The question then turns to whether Duffy is entitled to indemnification for the amount paid pursuant to the "Receipt and Assignment" settlement, or whether it is limited to the amount of the Workmen's Compensation Court award. It must be pointed out that the "Receipt and Assignment," which evidenced the agreement between Duffy and Spencer, was filed with the District Court and made an exhibit in the case at bar. However, there is no evidence in the record that the settlement was approved by the Workmen's Compensation Court, or a district court, or even that an application was filed for approval. Neb.Rev.Stat. § 48-136 (Reissue 1978) provides that the parties have a right to settle matters of compensation between themselves; however, they must file a copy of such settlement with the compensation court, and no such settlement is binding unless it is in accord with the workmen's compensation act. Neb.Rev.Stat. § 48-140 (Reissue 1978) further states that no settlement shall be final unless it is in conformity with the act, and approved by a finding of the compensation court, and a district court or any appellate court. See, also, Miller v. Schlereth, 151 Neb. 33, 36 N.W.2d 497 (1949). Such agreements not in conformity with *174 the act have been held to be void and of no effect. James v. Rainchief Constr. Co., 197 Neb. 818, 251 N.W.2d 367 (1977); Duncan v. A. Hospe Co., 133 Neb. 810, 277 N.W. 339 (1938). Pistone cannot be bound by an agreement that is not even binding on the parties to the agreement.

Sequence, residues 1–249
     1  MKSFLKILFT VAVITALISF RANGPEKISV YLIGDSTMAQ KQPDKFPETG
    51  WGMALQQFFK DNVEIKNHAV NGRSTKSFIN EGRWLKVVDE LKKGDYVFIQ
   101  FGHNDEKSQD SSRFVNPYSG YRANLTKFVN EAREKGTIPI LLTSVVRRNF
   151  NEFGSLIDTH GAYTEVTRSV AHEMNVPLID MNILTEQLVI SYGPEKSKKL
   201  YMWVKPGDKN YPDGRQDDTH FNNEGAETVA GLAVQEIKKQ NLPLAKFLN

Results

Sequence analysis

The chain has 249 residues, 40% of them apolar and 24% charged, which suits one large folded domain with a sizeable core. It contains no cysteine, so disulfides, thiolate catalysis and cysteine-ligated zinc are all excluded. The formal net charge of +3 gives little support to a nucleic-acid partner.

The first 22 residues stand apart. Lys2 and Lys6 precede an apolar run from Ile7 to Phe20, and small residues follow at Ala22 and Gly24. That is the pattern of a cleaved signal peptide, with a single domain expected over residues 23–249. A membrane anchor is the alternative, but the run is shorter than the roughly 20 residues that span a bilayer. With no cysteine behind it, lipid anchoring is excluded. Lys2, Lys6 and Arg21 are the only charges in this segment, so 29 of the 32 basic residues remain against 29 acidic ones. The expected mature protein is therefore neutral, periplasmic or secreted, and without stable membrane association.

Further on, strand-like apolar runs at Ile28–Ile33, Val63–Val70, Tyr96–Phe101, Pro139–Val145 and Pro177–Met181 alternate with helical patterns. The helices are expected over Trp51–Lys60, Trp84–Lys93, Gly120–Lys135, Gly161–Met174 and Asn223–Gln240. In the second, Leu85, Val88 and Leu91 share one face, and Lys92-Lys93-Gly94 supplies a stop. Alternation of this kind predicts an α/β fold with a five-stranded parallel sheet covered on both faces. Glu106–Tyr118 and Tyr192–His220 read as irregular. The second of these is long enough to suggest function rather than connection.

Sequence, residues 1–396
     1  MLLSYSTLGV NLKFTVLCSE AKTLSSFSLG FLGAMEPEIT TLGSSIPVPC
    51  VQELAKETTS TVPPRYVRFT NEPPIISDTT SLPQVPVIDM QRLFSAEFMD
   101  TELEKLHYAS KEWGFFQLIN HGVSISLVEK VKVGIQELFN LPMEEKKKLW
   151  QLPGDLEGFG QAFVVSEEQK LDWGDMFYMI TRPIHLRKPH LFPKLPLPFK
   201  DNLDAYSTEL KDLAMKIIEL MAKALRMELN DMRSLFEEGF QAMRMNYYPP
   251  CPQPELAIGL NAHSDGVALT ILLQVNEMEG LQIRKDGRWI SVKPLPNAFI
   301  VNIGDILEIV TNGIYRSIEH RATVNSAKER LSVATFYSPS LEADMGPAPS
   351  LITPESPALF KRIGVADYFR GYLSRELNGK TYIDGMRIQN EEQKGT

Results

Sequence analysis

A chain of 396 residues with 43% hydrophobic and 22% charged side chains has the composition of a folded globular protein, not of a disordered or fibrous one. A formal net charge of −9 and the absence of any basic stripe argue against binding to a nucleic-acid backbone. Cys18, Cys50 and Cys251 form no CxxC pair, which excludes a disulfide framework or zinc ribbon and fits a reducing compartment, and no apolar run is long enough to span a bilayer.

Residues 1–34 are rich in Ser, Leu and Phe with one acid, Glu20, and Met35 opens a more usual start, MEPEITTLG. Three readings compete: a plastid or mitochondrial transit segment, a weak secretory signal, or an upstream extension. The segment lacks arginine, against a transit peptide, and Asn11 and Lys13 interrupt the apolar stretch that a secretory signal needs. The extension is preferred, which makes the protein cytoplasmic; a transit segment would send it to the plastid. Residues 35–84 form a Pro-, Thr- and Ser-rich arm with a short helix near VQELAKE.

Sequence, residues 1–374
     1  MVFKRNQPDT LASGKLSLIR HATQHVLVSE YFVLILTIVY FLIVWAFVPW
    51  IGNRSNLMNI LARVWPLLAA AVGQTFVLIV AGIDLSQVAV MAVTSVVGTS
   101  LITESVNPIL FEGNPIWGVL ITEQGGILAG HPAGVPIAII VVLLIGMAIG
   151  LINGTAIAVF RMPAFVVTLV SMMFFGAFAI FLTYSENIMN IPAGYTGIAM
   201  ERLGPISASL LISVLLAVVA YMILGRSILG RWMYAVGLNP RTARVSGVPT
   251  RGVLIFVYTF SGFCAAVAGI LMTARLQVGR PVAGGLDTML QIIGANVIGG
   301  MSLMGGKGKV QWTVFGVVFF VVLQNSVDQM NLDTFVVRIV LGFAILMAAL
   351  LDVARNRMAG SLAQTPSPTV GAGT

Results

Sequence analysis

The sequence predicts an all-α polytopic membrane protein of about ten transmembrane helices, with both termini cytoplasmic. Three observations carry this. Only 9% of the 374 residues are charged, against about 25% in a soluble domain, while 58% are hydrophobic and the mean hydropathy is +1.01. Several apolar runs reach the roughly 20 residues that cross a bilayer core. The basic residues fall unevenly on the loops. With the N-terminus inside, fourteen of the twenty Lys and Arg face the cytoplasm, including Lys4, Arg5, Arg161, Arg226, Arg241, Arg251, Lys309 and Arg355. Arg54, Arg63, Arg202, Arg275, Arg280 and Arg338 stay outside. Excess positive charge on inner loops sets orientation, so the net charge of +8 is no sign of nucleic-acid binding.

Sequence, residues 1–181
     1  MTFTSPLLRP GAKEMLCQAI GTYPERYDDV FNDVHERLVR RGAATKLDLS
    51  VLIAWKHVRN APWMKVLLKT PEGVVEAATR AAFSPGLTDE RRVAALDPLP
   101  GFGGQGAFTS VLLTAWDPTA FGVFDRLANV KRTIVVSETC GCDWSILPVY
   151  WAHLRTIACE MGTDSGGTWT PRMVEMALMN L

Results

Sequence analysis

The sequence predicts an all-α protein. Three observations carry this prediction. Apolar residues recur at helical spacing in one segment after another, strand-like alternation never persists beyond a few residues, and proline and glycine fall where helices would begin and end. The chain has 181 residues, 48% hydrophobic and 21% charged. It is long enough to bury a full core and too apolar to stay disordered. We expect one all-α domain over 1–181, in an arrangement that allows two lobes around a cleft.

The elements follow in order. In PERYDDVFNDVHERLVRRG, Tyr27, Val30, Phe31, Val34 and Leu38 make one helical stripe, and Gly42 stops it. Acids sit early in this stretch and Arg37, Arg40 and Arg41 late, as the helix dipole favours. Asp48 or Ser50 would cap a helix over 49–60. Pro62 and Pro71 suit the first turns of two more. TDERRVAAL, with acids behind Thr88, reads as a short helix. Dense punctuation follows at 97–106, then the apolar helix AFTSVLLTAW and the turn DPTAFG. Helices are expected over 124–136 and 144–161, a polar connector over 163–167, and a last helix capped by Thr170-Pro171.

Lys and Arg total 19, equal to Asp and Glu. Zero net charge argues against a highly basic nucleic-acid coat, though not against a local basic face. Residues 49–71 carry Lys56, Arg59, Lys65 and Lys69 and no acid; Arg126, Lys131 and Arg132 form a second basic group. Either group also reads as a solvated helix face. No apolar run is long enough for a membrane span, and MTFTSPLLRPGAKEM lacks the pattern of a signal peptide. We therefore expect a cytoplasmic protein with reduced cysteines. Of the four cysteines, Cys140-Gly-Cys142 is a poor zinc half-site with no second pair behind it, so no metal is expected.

Indemnification in favor of a statutory employer and against the actual employer under the Nebraska workmen's compensation act is limited to all sums which the former has paid in good faith upon a matured obligation or has been forced to pay in satisfaction of a compensation award. Johnson v. Mortenson, supra. The amount which Duffy would be entitled to collect from Pistone by way of indemnification is limited to the amount of the unpaid award for medical bills, the sum of $2,140.33.
Pistone, in effect, has already paid that portion of the award representing temporary disability when it paid Spencer his regular wages of $240 per week for 15 weeks, for which the compensation court gave Pistone credit. "The amount of the credit is not the amount of wages paid, but the amount of compensation due for the particular week.... In other words, the credit is for the week, not for a number of dollars, and the excess cannot be carried over as a credit against other weeks of liability." 2 Larson, Workmen's Compensation Law § 57.47 (1980). Therefore, Pistone was given credit for the 15 weeks of temporary total disability ordered by the award.
There being no dispute of fact, the judgment of the District Court is reversed and the cause is remanded, with directions to enter a judgment in favor of the plaintiff and against the defendant, in the amount of $2,140.33.
REVERSED AND REMANDED WITH DIRECTIONS.